Analysis Like every year, I perform a collection analysis to see how balanced is our collection and see where there might be weaknesses. While the collection got streamlined to the curriculum better, more work still needs to be done. Here’s a summary of how the collection changed between 2007, when I first arrived at ASP, and 2010. BOOKS TOTAL BOOKS PER PUPIL AVERAGE AGE OCT. 2007 22000 52 1977 JUNE 2009 11000 25 1993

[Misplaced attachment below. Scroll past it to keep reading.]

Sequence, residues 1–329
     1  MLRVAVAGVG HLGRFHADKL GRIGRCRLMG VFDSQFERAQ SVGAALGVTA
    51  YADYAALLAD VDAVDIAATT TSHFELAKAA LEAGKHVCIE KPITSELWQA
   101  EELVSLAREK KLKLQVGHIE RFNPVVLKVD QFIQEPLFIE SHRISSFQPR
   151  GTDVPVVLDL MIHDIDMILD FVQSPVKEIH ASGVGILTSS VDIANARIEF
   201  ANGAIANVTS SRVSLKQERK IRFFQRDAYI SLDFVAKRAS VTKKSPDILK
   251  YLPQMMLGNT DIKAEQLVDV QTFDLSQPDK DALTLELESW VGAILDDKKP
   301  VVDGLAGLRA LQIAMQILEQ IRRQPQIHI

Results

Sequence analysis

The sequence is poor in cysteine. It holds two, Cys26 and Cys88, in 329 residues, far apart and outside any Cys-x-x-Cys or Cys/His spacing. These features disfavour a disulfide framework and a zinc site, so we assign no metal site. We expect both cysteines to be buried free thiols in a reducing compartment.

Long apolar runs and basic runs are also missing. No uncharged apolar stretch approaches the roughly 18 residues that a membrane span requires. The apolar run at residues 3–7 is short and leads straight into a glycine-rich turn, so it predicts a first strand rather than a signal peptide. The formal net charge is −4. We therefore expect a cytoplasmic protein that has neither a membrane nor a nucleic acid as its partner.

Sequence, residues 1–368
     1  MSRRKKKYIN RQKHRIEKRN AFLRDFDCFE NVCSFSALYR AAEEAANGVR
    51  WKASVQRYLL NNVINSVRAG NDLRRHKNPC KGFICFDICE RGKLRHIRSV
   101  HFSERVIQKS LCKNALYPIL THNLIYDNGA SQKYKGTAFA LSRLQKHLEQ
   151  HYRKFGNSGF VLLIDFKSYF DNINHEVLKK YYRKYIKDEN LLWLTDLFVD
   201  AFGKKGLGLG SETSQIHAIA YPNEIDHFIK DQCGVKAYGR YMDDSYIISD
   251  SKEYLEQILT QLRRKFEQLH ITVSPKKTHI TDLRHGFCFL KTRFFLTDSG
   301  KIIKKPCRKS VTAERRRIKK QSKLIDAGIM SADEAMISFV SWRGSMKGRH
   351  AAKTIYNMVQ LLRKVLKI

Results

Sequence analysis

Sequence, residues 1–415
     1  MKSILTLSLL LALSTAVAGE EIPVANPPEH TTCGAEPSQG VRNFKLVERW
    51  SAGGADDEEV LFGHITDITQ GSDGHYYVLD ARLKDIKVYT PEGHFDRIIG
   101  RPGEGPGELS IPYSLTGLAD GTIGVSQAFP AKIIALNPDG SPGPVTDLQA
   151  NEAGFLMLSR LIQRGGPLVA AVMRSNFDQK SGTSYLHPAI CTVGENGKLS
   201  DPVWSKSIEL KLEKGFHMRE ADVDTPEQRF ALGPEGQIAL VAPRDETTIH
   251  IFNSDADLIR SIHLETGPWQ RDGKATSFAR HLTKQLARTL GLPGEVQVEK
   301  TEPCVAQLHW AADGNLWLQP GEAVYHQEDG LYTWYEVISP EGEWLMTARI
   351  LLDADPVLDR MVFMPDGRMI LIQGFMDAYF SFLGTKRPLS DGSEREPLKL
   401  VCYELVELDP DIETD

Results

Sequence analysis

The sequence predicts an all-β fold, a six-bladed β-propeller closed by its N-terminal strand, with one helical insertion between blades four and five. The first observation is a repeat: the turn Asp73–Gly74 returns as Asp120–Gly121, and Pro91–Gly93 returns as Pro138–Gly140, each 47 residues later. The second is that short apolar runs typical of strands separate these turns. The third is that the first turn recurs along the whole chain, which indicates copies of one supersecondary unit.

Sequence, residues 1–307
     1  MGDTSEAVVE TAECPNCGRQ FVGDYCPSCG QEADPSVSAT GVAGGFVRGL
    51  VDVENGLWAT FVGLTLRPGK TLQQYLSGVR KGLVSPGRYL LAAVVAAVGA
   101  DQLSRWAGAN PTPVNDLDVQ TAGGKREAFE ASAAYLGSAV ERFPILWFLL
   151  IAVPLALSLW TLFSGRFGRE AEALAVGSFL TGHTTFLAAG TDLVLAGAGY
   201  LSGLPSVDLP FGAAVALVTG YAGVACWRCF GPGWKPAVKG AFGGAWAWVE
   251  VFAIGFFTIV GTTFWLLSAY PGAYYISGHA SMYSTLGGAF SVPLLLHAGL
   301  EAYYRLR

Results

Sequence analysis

Databases Databases are current, provide reliable information and are financially advantageous. Offering large amounts of reliable information and teaching students how to search efficiently using keywords, Boolean operators, critical and analytical skills, helps them become better users of information and prepares them for their future academic life. Our databases were well-‐used again this year. However, there was a decrease in the use of EBSCO, our main and largest database product. 1607 search sessions were performed this year (for an average of 9 per day) which represents half of the searches done last year. This change parallels the decrease in the number of classes that were scheduled. Maybe teachers changed the number of research projects they give students or shifted the focus of those projects or maybe more work was done using various resources other than online information (incidentally, there is an increase in our books circulation statistics), etc. Despite this, databases still represent an important part of our resources and I intend to order a few new products next year to help balance the topics covered by our info bases. More training will be required. Inventory I conducted an inventory and found that 78 items were not accounted for since June 2009 (400 since June 2006). Approximately 1450 new and replacement titles were added to the collection and weeded 353 books because they were falling apart, superseded, ugly, out of date, showed bias, or irrelevant to the curriculum. The book collection comprises a bit more than 11000 copies. E-‐Reading (Reading survey) I prepared and sent a Reading Survey to Upper School students and faculty about their reading habits and to see if e-‐reading was popular among our users (the link to the results is posted on the Library page on the school web site). Among several things, the results showed that most of our community still prefers to read print formats, but there is a trend toward the new technologies. Due to the lack of standards and to proprietary software and hardware on the market, the library decided to wait a bit before investing in digital reading. Services like Overdrive look interesting but careful analysis needs to take place. The discussion has started. I would like to secure some money to purchase a few e-‐readers to test their value for our users and potential implementation. Streamlining the collection Two years ago, I decided to integrate most Reference books into their subject areas to make them easier to find and increase their use. Next year, I’d like to turn most reference books into circulating items. I’m planning on changing the call numbers of the Biography books and integrate them into their specific subject areas.